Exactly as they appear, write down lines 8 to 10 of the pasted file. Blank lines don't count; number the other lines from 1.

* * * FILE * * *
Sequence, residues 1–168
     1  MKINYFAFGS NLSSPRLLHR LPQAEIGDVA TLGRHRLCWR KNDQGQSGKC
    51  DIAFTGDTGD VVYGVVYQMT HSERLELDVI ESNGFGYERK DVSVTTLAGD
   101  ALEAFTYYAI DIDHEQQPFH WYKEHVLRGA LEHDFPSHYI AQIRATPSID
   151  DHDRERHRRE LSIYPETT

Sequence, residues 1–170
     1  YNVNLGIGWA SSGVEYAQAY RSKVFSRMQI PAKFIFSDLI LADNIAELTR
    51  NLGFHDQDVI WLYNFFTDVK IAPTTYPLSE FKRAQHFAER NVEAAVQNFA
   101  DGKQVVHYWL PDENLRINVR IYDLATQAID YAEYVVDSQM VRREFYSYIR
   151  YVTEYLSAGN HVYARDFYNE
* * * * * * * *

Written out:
    51  NLGFHDQDVI WLYNFFTDVK IAPTTYPLSE FKRAQHFAER NVEAAVQNFA
   101  DGKQVVHYWL PDENLRINVR IYDLATQAID YAEYVVDSQM VRREFYSYIR
   151  YVTEYLSAGN HVYARDFYNE